These two movements must be conducted together.
A takeover of a start-up has little chance of success if the corporate culture of the purchasing group is out of phase. Either the executives will leave very quickly, or the start-up will remain independent and will not produce all of the expected value. Similarly, a group needs to incorporate key talents from start-ups in order to change its operating methods.
And in 2017 at NUMA?
We are convinced at NUMA that entrepreneurs who have a strong sense of their mission will have an impact on the world’s complex issues by 2030.
This is because they work quickly and have the right approach. Our role is to support them, to give them the tools and connections to succeed. Their methodologies and sense of their missions can also be of use to major companies.
Since it was founded three years ago, NUMA has supported more than 120 organisations in this Digital and Entrepreneurial Transition, with the strong conviction that the first change to be made relates to culture. NUMA has assisted many companies on how to innovate like start-ups (Intrapreneurship, Start-Up Studio) or with start-ups (Theme-based Accelerators).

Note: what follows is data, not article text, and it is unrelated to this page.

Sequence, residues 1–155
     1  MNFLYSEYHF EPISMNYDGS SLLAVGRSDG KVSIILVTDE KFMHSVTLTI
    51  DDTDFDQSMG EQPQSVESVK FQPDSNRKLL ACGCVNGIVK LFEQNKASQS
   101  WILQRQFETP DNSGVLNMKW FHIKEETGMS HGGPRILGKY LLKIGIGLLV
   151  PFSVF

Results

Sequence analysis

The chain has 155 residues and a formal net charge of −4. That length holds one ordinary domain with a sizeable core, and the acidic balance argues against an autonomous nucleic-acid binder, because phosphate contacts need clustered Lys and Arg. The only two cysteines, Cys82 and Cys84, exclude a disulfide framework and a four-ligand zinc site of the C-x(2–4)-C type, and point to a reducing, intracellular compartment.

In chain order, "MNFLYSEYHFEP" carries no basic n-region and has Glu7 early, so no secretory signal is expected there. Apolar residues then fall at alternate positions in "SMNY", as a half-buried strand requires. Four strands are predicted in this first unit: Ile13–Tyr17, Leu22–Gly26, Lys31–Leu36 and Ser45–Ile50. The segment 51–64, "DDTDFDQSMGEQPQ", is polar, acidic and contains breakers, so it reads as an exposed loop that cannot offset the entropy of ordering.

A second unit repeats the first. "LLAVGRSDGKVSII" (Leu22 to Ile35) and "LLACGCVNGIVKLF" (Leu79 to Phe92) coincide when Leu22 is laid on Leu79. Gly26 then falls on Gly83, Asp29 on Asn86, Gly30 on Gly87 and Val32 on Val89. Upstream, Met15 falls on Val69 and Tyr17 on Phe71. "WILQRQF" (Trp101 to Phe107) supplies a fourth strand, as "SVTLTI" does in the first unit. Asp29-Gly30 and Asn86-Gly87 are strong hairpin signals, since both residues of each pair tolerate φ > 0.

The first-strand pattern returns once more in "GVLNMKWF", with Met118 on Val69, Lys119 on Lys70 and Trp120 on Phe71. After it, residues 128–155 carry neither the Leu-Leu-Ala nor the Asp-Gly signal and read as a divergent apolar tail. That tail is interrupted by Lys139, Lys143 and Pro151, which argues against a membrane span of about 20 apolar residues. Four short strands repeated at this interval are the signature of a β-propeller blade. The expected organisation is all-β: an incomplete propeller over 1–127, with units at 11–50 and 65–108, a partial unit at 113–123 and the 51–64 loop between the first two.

In order to support its partners more effectively in this change of working methods, NUMA has decided to go even further in 2017, with the following initiatives:
- By creating “NUMA Learn“, a training programme aimed at major companies wishing to embrace change, with a view of assisting forerunning teams, and also the thousands of employees whose working methods will be subject to change.
- By creating “NUMA Factory” to offer major companies its resources. The first example is Selecteev which enables starts-ups or teams to apply for challenges or selections.
- By launching theme-based acceleration, in “multi-partner” mode. As early as January, NUMA Mexico is launching an accelerator on the subject of healthcare with prestigious public and private partners. This is a first and will foster expertise and sharing in areas requiring specialisation.
- By replicating the success of Datacity in Paris and Casablanca in other cities because we are firmly convinced that this type of collaboration makes a lot of sense elsewhere in the world.
- By replicating Datacity on new themes, in particular the fascinating SmartCampus.
The team at NUMA practically doubled in size in 2016, and we are continuing to take on in 2017… those who will be the players in this amazing transition. We want to make NUMA an exemplary company :).